I love those olde "death head" sculptures. "Be
Of Good Courage," is a refreshingly simple epitaph as well.
The grave itself - though it looks very old - actually dates
from 1920, strangely enough. The top of the grave is too difficult
to read for me to display for you, but it wins the Gravestone
Cliché award by a country mile:
fought the Good Fight
He ran the Straight Race
His children shall rise up
Forever more and call
I thought it would rhyme too - go figure...)
a very poignant gravestone for two doomed children of G. &
C. R. Hartman: Mary R. M. (Oct. 9, 1858 - April 18, 1860) and
Emma C. (Oct. 15, 1860 - March 4, 1861).
another of my favorite statues in the cemetery. The staining
on the face adds a certain creepy quality to it, don't you think?
This is the grave of Gertrude A. Bliss, wife of Thomas H. McMillan
(October 15, 1864 - April 14, 1903)
THOUGHTFUL OF HOME
AND LOVED ONES AS WIFE
AND MOTHER SHE WAS ALL
THAT ONE COULD BE."
guess now we know where the Army got their slogan, huh?
another nice angel statue... With a fearfully sad look on its
beautiful and tragic children's tomb, this one for Pearce (Sept.
21, 1892 - May 24, 1895) and Catherine (June 28, 1904 - Oct.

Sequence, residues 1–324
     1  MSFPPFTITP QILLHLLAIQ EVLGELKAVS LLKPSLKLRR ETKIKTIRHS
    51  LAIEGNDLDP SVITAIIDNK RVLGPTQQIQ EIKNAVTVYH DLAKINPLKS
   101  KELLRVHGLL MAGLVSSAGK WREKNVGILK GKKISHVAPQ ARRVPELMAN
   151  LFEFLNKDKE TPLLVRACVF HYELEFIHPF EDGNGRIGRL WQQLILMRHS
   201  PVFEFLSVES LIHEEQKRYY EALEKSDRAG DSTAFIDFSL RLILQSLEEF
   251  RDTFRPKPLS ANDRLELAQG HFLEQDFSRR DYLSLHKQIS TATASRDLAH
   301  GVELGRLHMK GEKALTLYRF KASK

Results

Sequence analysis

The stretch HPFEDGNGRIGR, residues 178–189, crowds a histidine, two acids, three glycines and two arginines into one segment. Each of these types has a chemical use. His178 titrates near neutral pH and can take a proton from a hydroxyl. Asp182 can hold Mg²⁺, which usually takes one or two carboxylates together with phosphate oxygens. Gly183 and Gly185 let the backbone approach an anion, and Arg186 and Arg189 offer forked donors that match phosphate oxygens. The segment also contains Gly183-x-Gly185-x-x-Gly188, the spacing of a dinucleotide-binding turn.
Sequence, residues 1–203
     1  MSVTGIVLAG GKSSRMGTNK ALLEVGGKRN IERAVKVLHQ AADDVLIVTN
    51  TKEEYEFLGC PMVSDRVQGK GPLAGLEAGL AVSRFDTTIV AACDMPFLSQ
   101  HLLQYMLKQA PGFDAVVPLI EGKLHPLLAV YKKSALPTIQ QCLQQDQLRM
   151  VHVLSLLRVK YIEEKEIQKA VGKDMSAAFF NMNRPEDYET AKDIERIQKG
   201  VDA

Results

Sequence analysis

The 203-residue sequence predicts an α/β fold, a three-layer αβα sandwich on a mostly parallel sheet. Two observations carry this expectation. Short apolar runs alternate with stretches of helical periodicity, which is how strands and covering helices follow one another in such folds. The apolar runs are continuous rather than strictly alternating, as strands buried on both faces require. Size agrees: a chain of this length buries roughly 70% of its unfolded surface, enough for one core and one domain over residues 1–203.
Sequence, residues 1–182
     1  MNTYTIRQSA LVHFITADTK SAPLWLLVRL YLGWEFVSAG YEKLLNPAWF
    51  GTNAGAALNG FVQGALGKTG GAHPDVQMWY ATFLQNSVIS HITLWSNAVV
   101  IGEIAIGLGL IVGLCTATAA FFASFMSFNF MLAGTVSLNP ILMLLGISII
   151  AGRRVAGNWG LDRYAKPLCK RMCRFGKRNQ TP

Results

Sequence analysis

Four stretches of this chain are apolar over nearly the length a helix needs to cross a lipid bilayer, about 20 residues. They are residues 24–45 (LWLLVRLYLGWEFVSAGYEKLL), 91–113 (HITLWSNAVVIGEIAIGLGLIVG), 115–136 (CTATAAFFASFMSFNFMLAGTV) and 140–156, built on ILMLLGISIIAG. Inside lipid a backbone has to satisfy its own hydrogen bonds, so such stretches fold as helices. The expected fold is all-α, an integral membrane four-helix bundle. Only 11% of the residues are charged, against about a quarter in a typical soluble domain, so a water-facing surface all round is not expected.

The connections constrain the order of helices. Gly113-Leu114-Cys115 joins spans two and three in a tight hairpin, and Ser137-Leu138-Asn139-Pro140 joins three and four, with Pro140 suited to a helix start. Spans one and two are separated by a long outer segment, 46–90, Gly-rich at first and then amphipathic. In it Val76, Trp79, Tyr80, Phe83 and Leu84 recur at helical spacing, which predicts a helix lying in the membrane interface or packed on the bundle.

23, 1906) Wheless. They certainly don't make intricate sculptures
like this anymore...
a nice landscape view of the cemetery. Don't you wish you were
strolling through those grounds right now? (I do...)
it about time for a Famous Person's grave? Well, here we are
then - Johnny Mercer!! Oh, come on - you must surely know Johnny
Mercer! He's the lyrical genius behind such songs as "Come
Rain Or Come Shine," "Fools Rush In," "That
Old Black Magic," and - the masterpiece - "Moon River"
(best when sung/altered by Morrissey):
River, wider than a mile
I'll be crossing you in style some day
Oh, dream maker, you heart breaker
Wherever you're going, I'm going your way
Two drifters off to the see the world
I'm not so sure the world deserves us
We're after the same rainbow's end
It's just around the bend...
It's just around the bend...
It's always just around the bend"
thought these gateways gave a suitably atmospheric tone to the
lush cemetery landscape.
sad tombstress in repose...
charming cherubic detail from one of the larger statues...
with one last sad dropping of flower petals we bid adieu to Bonaventure
Cemetery - one of the most beautiful and peaceful places on earth.